CCS – what will it be?

Carbon capture and storage (CCS) may be technically useful to prevent global warming. Politicians think so too.

The International Energy Agency (IEA) thinks the world will need over 200 power plants equipped with CCS by 2030 to limit the rise in average global temperatures to about 3°C. 

There is not a single big power plant using CCS anywhere in the world. CCS is uncertain.

CCS sounds simple: isolate carbon dioxide where it is produced,  compress it and pump it underground. Carbon dioxide is expected to stay in certain rock formations indefinitely. Oil firms have long experience of pumping carbon dioxide into reservoirs. Sleipner off Norway has been running for 13 years without any sign of leaks.

In America, Australia, China, Germany and India coal provides half or more of the power supply.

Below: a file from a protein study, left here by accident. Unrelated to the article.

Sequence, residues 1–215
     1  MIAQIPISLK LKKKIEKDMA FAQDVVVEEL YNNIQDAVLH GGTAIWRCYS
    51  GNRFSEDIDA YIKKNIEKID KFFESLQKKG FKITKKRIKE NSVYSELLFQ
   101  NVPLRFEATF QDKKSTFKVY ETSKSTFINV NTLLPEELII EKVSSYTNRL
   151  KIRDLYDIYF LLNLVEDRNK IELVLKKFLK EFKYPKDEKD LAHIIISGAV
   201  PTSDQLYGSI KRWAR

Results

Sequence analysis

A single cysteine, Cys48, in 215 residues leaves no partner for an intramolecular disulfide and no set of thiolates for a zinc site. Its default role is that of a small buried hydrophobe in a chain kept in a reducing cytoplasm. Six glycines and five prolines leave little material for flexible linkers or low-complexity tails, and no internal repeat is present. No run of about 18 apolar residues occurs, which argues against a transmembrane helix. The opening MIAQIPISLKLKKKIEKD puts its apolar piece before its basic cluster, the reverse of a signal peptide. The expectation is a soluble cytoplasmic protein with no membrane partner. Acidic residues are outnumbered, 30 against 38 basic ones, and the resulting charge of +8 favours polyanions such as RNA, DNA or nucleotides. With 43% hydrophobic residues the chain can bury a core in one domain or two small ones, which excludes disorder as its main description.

The problem with CCS is the cost. Each tonne may cost $ 50-115 to avoid emission, whereas the price of emissions are about $11. Norway has a heavy carbon tax – last summer it reached over €40 a tonne.

Spills could be a health risk if the deposits start leaking.

Governments may eventually take charge of reservoirs, along with all the monitoring costs and legal liabilities. 

Al Gore does not see CCS working commercially “in the near term or even the medium term”. Governments will have to take a role initially, but the final outcome of CCS is not clear today.

(The Economist)

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